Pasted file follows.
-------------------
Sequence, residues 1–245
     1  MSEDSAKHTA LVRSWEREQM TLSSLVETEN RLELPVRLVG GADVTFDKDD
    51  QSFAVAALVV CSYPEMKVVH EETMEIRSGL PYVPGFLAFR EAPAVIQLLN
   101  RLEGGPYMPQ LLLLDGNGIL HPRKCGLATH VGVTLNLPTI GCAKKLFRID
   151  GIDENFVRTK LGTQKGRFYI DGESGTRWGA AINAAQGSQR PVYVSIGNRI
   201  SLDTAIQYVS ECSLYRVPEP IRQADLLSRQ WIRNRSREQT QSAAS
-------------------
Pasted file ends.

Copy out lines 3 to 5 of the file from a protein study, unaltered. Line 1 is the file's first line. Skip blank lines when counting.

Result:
    51  QSFAVAALVV CSYPEMKVVH EETMEIRSGL PYVPGFLAFR EAPAVIQLLN
   101  RLEGGPYMPQ LLLLDGNGIL HPRKCGLATH VGVTLNLPTI GCAKKLFRID
   151  GIDENFVRTK LGTQKGRFYI DGESGTRWGA AINAAQGSQR PVYVSIGNRI